Isn’t it odd that one of the best films about loneliness, alienation and family in the USA is directed by a German? Wim Wenders, director of such acclaimed works like The American Friend, Wings of Desire, Buena Vista Social Club directs a perfectly balanced noir-ish road family drama, that takes place all the way from Los Angeles to South Texas in 1984. I’m talking about the unforgettable heart breaker that is Paris, Texas.

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Spaces.

Ry Cooder’s slow guitar notes echo in the Texas desert. We don’t know where we are. The music gets repetitive, hypnotizing. The camera pans across the wasteland, all the way down to cut in close on the face of a man who looks lost. A man dressed in dirty clothes, covered in dust. He has sun burns on his face. He is dressed in a suit and is finishing off the last drop of water he had on him. This is Travis. A man who is wandering in the desert, hoping for forgiveness. Looking for hope.

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This is Travis, played by an excellent Harry Dean Stanton.

Right from the start we get a sense of what Wenders wants us to look for: spaces. We go from the open desert to the luxurious modern suburbs of LA, back to the desert and then again, to a large city,Houston, where everyone is squeezed between walls and buildings, where everyone’s feelings are stripped and thrown into the same pit. It almost feels like Travis and his son, Hunter, whom he hasn’t seen for four years, are the only two people able to talk, communicate in this brutal, technological America. But when the lights go out and Wenders can capture the empty roads, the neon road signs, costumers having a peaceful meal in a diner, that’s when America comes alive.

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America can go from this…
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… to this.

A dark past looms over Travis and his lost family. His wife is gone. Travis walked away and never turned back for four years. Hunter, his son, was left at the age of three in front of Travis’ brother’s door. Travis’ brother and his wife adopted Hunter. Treated him like their own son, but deep down, knowing that someday this masquerade must come to an end. Travis’ brother, Walt, gets a call from a German doctor in South Texas telling him that Travis was found and is now in an unresponsive state of mind. And that’s how the story comes back together. Travis at the sight of his son feels the need to find the boy’s real mother. At what cost? He will reconnect with the boy. They will bond. They will come together, but then again all good things must come to an end.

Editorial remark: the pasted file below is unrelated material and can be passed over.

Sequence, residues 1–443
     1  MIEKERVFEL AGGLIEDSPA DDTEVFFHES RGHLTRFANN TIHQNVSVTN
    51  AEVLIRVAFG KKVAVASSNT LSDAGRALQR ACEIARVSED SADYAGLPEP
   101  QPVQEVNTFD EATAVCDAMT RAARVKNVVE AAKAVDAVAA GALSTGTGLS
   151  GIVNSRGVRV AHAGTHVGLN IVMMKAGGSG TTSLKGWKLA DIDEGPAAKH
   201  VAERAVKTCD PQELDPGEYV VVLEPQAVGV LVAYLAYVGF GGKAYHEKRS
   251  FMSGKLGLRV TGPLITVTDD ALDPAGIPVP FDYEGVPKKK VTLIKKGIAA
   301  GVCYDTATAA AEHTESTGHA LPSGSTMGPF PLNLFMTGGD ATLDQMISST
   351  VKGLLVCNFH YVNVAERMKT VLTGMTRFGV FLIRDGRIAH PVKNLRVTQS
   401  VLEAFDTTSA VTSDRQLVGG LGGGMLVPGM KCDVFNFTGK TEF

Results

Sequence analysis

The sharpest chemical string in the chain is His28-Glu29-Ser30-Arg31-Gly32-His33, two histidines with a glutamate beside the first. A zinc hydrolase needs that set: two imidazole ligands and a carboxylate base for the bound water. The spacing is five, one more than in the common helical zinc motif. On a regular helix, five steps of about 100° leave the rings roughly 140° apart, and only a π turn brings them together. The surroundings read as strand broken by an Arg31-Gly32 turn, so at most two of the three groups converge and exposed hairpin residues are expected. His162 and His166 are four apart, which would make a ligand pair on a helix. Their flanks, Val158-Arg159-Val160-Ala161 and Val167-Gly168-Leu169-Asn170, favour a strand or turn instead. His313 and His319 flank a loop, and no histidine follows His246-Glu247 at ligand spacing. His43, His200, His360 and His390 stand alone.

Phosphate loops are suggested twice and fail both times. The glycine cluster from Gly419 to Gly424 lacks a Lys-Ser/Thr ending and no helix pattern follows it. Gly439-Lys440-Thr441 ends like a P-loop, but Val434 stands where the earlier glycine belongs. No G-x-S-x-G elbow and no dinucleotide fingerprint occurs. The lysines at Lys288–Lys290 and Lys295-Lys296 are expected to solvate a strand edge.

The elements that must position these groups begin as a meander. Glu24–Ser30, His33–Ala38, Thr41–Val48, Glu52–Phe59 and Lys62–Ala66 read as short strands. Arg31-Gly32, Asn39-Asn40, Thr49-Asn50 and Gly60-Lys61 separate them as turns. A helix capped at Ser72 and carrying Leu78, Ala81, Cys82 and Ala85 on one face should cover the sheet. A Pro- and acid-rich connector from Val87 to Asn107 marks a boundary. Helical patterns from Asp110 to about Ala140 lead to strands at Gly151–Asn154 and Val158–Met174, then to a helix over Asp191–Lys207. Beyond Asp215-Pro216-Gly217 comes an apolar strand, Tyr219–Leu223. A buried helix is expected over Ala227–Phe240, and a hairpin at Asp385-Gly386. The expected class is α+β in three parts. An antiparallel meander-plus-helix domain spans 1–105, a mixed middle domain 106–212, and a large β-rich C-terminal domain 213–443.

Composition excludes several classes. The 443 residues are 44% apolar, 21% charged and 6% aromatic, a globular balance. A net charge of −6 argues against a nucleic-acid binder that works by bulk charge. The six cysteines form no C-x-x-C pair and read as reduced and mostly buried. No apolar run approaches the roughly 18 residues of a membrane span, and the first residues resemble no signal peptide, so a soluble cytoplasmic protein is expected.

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Father and son walkie-talkie conversations.

Wenders’ and Robby Muller’s  (cinematographer) color palette consists of two strong and easily visible colors: red and green. Red connects both Travis and his son, but also Jane, the boy’s mother and Travis’ wife. Their scenes together come to life once we notice that the red color ties them all together. Green, on the other hand, looms over whenever there is trouble, whenever there is a point of no return in the story. In the night, everything is green lit. Everything is quiet. Wenders’ camera movements are slow, delicate. It announces its presence but it does so rather calmly. It gives a sense of safety and immunity, even when we see things we’re not supposed to see or hear like Travis’ long confession about his past, or Jane’s breakdown once Travis finds her in a club.

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Could this be her? (notice the red)
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Or maybe not? (notice the green)

The secret lies in the perfectly balanced atmosphere of heartbreak and suspense. Wenders is a brave director who took many risks while making this movie. How could a foreign director capture the essence of America in the 80s? How could he honestly portray the bread and butter of a country that is so distant from his own? Well, for one Sam Shepard’s tight screenplay that does not use words when they aren’t needed. And then of course, Wenders’ objectivity. There are no sides in this movie.

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Eventually it all comes together.

Everything is told with the eye of a born storyteller, a man who is one of the many symbols of European cinema. Paris, Texas hits all the right notes and then some. It offers the viewer a sense of belonging, a sense of family and freedom. It touches upon many difficult subjects without ramming them down our throats. As a film, it has become a landmark filmmaking achievement. A work of art that was born and made in the American desert with the use of European hands.

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And it goes from green…
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… to pulsating red.
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